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Parisa Mahboubi is a senior policy analyst at the C.D. Howe Institute

Ontario and Alberta will soon dramatically increase their minimum wages to $15 an hour. Unfortunately, these fast and sizable minimum-wage increases are likely going to reduce employment and increase poverty, particularly for the low-income families that the governments are seeking to help.

The Ontario government introduced legislation on June 1 to raise its minimum wage from $11.40 an hour to $14 next year and then to $15 on Jan. 1, 2019. As soon as Jan. 1, 2018, Ontario will face – under the legislation – the largest one-year increase in the minimum wage rate (22.8 per cent) of any province over the past two decades.

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In June, 2015, Alberta was the first province to plan a $15 minimum wage, which would amount to a 47-per-cent increase from the then-current $10.20 over four years. Although this is Canada's largest four-year increase in a minimum wage in the past 20 years, the changes there are more gradual than under Ontario's plan.

Ontario Premier Kathleen Wynne said the changes will improve the standard of living for low-income families. But the government should be concerned that a significant increase in the minimum wage will likely reduce employment.

Ontario has the largest share of employees earning the minimum wage among Canadian provinces. As a result, the impact of hiking minimum wages to $15-an-hour levels will be more severe in Ontario than in Alberta.

Lower-wage industries are at the highest risk. A reduction in net job creation in sectors such as restaurants and services seems to be unavoidable.

More workers in low-income occupations, coupled with faster growth in the minimum wage, increases the cost of labour and reduces the profitability of companies. As a result, employers will be forced to increase their prices, reduce their production or close altogether. This leads to higher unemployment among more vulnerable employees.

Employees earning minimum wage are more likely to have a contract or part-time job. They are also more likely to be less skilled and young with no experience. As such, they are the kind of employees that companies can most easily do without.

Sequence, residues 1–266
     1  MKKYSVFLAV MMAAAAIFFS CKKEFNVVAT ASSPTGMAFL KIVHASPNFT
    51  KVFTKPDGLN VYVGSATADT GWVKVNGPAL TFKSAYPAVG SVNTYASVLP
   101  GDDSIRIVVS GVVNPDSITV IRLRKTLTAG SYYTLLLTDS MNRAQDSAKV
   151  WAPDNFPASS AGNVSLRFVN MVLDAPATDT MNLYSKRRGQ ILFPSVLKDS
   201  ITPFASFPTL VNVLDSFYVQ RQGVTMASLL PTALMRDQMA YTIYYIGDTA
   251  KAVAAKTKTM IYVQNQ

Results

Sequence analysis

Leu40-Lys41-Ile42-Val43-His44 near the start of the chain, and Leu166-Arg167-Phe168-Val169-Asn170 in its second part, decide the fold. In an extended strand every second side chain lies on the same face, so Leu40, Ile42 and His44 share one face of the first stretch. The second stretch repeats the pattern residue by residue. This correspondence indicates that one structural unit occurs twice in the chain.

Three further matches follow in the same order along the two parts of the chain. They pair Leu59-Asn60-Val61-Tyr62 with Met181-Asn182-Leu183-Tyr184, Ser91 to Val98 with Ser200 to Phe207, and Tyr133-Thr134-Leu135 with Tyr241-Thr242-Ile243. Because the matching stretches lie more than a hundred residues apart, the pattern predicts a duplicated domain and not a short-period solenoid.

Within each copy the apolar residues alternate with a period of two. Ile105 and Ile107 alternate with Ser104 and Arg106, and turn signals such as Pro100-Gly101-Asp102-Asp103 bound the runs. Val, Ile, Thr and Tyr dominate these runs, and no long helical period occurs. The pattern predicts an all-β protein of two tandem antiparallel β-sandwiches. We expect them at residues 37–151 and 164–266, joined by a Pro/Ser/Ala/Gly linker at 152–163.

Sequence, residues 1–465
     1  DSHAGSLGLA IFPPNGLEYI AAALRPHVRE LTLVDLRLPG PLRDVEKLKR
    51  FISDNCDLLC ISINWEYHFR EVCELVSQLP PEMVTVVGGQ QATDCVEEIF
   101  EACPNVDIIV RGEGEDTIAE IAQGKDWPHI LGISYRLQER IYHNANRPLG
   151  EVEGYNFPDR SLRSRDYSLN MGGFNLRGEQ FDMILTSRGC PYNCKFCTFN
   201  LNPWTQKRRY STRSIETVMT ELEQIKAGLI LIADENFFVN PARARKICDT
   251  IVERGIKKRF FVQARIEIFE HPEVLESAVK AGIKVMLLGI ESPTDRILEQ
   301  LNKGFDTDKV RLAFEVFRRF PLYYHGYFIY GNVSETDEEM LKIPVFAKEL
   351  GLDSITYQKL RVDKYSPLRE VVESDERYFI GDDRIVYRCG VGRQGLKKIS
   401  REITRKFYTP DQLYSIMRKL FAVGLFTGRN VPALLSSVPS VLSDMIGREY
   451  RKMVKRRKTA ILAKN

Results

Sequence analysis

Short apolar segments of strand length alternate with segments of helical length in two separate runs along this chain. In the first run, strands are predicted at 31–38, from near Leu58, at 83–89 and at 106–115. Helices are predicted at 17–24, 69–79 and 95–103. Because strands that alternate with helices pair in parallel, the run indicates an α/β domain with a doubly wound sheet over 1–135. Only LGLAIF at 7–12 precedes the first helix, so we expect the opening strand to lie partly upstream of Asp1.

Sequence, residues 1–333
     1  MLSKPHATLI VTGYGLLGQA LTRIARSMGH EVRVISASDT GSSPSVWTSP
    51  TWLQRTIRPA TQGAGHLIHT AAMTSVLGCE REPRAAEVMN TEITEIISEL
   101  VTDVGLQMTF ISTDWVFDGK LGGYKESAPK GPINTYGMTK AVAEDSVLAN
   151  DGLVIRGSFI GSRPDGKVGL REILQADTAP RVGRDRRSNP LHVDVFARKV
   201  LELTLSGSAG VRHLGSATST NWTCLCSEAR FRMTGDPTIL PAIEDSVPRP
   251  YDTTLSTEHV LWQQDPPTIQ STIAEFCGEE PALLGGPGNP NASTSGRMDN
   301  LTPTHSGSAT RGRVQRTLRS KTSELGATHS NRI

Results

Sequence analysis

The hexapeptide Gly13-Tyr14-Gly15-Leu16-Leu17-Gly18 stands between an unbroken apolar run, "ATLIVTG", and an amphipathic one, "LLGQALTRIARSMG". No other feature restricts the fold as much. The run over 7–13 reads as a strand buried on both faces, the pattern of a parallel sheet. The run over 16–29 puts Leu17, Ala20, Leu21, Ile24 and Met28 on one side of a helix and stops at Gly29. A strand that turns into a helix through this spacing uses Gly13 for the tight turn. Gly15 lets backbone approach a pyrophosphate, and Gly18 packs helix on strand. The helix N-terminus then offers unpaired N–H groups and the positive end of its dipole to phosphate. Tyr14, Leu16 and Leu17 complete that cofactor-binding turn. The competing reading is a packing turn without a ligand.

This reduction in employment ends up putting more vulnerable families in poverty. A study of past Canadian increases in the minimum wage found that teen employment dropped considerably. These teens were important earners for low-income families. The result was more families falling below low-income cut offs.

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These results show that Alberta and Ontario need to rethink how they increase their minimum wages. What should they do?

Ontario and Alberta need to move to a higher minimum wage more gradually. Companies need time to adjust. This is particularly important for small-sized enterprises.

The ability of business owners to manage the minimum wage varies by region, as does the cost of living. The impact of minimum wage on workers and businesses in Toronto or Calgary is different from those in rural areas, where firms are often smaller and living costs are lower. The provinces should consider a lower minimum wage outside of cities.

There also needs to be flexibility to delay minimum-wage increases in case of a recession, as argued by Professor Joseph Marchand of the University of Alberta. This is what California has allowed for as it phases in a higher minimum wage. Neither Alberta nor Ontario have such flexibility in place.

In short, a higher minimum wage requires a flexible and well-designed plan to increase the minimum wage to minimize the impact on the economy and workers. Otherwise, the unintended consequences of a higher minimum wage will end up hurting exactly those that governments are trying to help.

Editor’s note: An earlier version of this column should have credited Joseph Marchand of the University of Alberta for the point on retaining flexibility in the event if adverse economic circumstances. An appropriate reference has now been added.
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